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Historical Architecture of Grosse Pointe – Welcome to St Clair Avenue – Part 2

Last week we explored several homes on St. Clair Avenue, Part 1 – the early cottages that were constructed at the beginning of the 20th century.

This week we continue our exploration of more homes on the street, along with sharing a brief history of one of Grosse Pointe’s oldest schools.

The homes we have chosen to profile this week continue with the them of the first post – in that they were built between 1900 – 1916, and display characteristics of Colonial, Craftsman and Victorian architectural styles.

However, lets start with one of Grosse Pointe’s oldest schools – located at 389-399 St. Clair Avenue. The Cadieux School – now referred to as the Grosse Pointe Schools Administrative Buildings – was built in 1905-1906, by the renowned architectural firm of Stratton and Baldwin. Based on research by Grosse Pointe Historical Society, the school was named the Cadieux School after the Cadieux family who resided in the Village. Francis Cadieux served as the District No. 1 School Inspector for 33 years.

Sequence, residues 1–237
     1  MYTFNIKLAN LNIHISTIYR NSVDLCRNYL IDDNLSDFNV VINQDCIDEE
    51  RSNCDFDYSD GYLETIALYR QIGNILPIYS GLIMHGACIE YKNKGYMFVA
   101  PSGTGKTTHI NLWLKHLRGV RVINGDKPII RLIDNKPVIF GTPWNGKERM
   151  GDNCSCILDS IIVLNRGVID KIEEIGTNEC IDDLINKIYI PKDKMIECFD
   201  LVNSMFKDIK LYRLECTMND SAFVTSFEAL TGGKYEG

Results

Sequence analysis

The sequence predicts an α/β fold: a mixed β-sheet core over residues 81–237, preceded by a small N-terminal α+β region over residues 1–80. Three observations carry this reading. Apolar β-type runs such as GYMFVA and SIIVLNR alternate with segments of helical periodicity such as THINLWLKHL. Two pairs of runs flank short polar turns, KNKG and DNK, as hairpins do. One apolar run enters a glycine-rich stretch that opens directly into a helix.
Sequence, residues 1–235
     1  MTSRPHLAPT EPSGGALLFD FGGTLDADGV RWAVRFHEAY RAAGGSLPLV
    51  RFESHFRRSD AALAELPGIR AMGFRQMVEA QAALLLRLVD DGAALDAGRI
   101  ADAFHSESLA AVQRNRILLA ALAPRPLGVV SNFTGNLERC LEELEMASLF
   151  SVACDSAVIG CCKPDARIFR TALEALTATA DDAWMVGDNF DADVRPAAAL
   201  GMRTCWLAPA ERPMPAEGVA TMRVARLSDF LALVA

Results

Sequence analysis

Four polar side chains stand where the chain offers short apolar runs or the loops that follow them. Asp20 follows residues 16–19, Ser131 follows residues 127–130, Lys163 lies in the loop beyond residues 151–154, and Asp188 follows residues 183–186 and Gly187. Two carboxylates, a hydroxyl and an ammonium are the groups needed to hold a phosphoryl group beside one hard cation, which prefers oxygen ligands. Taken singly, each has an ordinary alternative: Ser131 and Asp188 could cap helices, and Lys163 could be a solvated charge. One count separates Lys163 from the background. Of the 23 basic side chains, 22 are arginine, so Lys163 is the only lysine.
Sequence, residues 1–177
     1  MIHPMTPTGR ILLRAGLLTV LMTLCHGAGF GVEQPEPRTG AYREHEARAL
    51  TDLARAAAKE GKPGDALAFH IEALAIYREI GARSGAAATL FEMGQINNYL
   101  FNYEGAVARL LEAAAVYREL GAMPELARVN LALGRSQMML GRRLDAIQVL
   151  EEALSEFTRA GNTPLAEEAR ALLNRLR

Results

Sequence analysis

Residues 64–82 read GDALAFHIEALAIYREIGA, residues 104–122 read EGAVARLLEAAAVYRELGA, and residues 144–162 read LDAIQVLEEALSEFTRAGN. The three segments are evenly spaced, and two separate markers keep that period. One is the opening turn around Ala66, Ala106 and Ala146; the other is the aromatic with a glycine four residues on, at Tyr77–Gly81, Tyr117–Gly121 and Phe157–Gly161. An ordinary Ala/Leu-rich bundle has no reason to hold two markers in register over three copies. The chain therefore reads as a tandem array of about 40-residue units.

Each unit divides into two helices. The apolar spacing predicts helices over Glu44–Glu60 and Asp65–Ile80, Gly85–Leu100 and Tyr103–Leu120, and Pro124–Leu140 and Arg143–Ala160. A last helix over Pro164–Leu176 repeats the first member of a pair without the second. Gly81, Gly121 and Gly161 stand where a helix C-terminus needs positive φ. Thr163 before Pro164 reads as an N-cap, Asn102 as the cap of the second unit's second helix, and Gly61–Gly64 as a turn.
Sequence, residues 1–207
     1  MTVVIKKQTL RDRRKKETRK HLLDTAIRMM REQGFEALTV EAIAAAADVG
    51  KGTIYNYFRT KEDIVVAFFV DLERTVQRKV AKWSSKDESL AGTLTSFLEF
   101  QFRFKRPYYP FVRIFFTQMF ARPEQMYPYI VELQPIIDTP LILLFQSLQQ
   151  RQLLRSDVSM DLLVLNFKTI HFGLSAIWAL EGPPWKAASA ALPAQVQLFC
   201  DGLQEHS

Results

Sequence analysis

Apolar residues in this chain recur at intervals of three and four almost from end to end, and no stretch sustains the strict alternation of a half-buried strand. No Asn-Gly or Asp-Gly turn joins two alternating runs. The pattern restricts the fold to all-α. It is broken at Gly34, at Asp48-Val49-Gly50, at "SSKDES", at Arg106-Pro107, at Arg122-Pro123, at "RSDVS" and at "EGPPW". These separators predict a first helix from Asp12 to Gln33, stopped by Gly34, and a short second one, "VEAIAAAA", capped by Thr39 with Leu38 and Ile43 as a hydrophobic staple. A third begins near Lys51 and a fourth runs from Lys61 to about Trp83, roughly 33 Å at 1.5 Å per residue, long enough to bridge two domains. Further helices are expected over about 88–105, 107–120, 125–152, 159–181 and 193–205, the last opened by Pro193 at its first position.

It was the second school building to be built around this era for the Grosse Pointe School’s (District #1). The original two-story building was home to eight classrooms, and around 240 pupils. In 1916-18, a north building, 399 St Clair, was added for the school to increase its capacity. By 1924 the two buildings catered for students of all ages, from kindergarten through to twelfth grade.

Over the years the buildings have undergone numerous updates and renovations. Between 2002-2003 the buildings underwent major changes, which included fully connecting the two sections. Source: Grosse Pointe Historical Society.

Of the handful of schools built in this era only two original buildings remain – the Cook School on Mack and the Cadieux School on St. Clair.

It wasn’t just the school that was being constructed at the turn of the twentieth century; more homes were also being built. Prior to 1905 five of the oldest homes on the street had been completed – numbers 475, 469, 569 were built in 1901, while 479 and 547 were constructed in 1903.

469 St Clair Avenue – Courtesy of Google.com